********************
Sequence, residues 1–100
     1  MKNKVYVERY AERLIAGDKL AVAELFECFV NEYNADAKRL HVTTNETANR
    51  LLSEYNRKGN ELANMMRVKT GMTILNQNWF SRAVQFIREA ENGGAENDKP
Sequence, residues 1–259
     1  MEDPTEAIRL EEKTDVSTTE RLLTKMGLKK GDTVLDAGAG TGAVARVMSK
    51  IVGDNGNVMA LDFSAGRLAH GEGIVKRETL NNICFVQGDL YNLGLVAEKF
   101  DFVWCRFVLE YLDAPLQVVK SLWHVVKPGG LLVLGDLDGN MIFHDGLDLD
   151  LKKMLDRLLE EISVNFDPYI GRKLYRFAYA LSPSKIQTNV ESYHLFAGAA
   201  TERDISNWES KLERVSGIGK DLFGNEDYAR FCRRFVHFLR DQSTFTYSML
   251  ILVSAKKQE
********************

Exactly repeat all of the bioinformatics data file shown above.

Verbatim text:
Sequence, residues 1–100
     1  MKNKVYVERY AERLIAGDKL AVAELFECFV NEYNADAKRL HVTTNETANR
    51  LLSEYNRKGN ELANMMRVKT GMTILNQNWF SRAVQFIREA ENGGAENDKP
Sequence, residues 1–259
     1  MEDPTEAIRL EEKTDVSTTE RLLTKMGLKK GDTVLDAGAG TGAVARVMSK
    51  IVGDNGNVMA LDFSAGRLAH GEGIVKRETL NNICFVQGDL YNLGLVAEKF
   101  DFVWCRFVLE YLDAPLQVVK SLWHVVKPGG LLVLGDLDGN MIFHDGLDLD
   151  LKKMLDRLLE EISVNFDPYI GRKLYRFAYA LSPSKIQTNV ESYHLFAGAA
   201  TERDISNWES KLERVSGIGK DLFGNEDYAR FCRRFVHFLR DQSTFTYSML
   251  ILVSAKKQE